Friday, July 30, 2010

Vacation reading list

I'm going to my cottage today for a week with my family and friends.  I haven't really had a true vacation in a while so I'm looking forward to it.

Picked up a few books at the library and I have about a month's worth of The Economist to catch up on.

The first book is Trust Agents by Chris Brogan and Julien Smith.  I have been looking forward to reading this one for a while.

The second book is Linchpin by Seth Godin.  I am equally excited to read this one.  I have read most of his other books, love his blog and find that he writes really well (because he likes to be short and to the point).

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Wednesday, July 28, 2010

Our Telecommunications Industry is Hurting Us

To be clear: I am not a huge fan of the Canadian wireless industry.  Our service providers treat customers poorly, knowing that we aren't going to get better service elsewhere.  When it comes to price, we pay high prices and there isn't much difference between carriers.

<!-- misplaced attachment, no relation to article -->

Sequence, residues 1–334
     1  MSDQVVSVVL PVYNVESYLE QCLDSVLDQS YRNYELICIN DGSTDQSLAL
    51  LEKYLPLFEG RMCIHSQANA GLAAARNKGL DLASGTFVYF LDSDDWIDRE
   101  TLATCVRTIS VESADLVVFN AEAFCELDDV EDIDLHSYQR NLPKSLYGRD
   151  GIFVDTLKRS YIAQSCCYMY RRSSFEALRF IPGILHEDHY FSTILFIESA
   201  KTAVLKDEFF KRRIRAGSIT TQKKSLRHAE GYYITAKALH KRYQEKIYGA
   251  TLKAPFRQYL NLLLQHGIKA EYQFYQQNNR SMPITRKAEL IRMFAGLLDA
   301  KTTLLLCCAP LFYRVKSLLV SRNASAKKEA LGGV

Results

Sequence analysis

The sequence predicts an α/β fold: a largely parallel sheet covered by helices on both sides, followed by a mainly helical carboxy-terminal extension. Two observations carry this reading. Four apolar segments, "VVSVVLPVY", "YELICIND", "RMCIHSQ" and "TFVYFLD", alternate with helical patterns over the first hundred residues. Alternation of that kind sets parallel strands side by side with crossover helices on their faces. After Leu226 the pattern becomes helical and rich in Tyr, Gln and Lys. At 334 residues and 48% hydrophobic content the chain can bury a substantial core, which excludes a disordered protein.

Recently, I starting thinking about how our high prices and terrible service was going to affect our ability to compete in the global wireless industry.  Specifically, I was wondering how this would affect our ability to innovate in the space of mobile applications.

Then I read this interesting article from the CBC about a recent wireless industry study.  Some of the highlights are:

-Our earnings percentage at 46.7% was the highest of 21 developed nations studied.  Average was 38.3.

-Our carriers have the highest average revenue per user in the study (ARPU) at $54.73.   Average ARPU for developed nations was $42.90.

-Canada was last among developed nations in wireless penetration.

-Data represented only 23.9% of the monthly bill versus average in developed world of 31.8%.  You might think this means we have lower rates but the study also found that while carriers have lower per minute revenues, they have higher charges for additional features, which includes data, and this is what contributed to our higher ARPU.